How has the 2015/16 warm and wet winter affected the health of your horse? *H&H VIP*

  • Bar the odd chilly snap, most owners have been spared the bitter cold so far this winter. Frozen waterpipes, rock-solid school surfaces and fields buried knee-deep in snow have been few and far between across large parts of Britain, after the warmest and wettest December recorded in UK weather history.

    Escaping a really big freeze this time is surely a bonus where winter management is concerned, but how might such a balmy season affect the health of our horses in the long term, as we head towards spring?

    The natural cycle

    The confused climate of the last few months has produced midwinter temperatures close to those of summer. According to Professor Andy Durham, a specialist in equine internal medicine, some horses may, as a consequence, enter spring carrying surplus weight.

    The horse’s metabolism is designed around an annual weight fluctuation, Andy explains, so that abundant summer forage is converted into fat reserves to ensure the horse’s survival in the colder, leaner months.

    “It’s completely natural for a horse to put weight on in spring and summer and lose it in autumn and winter,” Andy says. “Hormonal rhythms tie in to make this a very beneficial cycle. At times when less food is available, the hormonal situation switches to break fatty tissue down.”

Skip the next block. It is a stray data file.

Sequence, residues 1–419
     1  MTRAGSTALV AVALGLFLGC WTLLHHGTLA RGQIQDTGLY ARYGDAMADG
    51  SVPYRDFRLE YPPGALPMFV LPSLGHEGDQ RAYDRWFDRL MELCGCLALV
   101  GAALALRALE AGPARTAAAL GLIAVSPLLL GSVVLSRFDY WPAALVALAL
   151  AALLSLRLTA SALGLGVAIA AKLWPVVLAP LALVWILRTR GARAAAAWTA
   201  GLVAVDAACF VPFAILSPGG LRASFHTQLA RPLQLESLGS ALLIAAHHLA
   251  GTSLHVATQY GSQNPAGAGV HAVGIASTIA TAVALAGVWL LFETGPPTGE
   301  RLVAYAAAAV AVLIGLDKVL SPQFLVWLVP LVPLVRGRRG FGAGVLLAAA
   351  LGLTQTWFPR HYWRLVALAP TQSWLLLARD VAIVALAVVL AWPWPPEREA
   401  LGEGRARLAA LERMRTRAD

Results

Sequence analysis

The danger posed by a mild winter is that these winter fat stores are not used up. A dearth of really cold days, which is often compounded by a modern tendency to over-rug and over-feed our horses, can soon interfere with the body’s natural metabolic mechanism.

    “The nature of the horse’s digestive system means that he carries around his own ‘radiator’,” says Andy, referring to hind-gut action that generates a large amount of body heat. “As long as they are fed adequate fibre, horses don’t tend to suffer from the cold as humans do.

    “A warm winter environment further encourages weight gain instead of the natural weight loss.

    If he’s already a bit overweight, a horse will start the spring at a higher baseline — and unless precautions are taken, he’ll be at a greater risk from obesity-related problems such as laminitis.”

    If your horse’s condition is strictly monitored and he is kept at the ideal weight all year round, this cyclicity is not important. Otherwise, Andy advises taking advantage of a horse’s natural tendency to lose any excess pounds in winter.

    “Watch the winter diet, especially if temperatures are milder and the horse is not working so hard,” he says. “One benefit of a warm winter is that his coat is probably not as thick as it would typically be, which means that he’ll use a little more energy keeping warm if temperatures do drop.”

    Wet-weather nasties

    There is a risk of mud fever in such weather conditions

    There is a risk of mud fever in such weather conditions

    Parasites thrive in a warm, wet winter, so spring pasture management and worm control will be especially important.

    Cara Hallowell-Evans MRCVS warns that these conditions can help to seed infective larvae of large and small strongyles across paddocks.

    “Mild weather allows eggs to develop into infective larvae over winter,” says Cara, explaining that hatching does not occur in very low temperatures.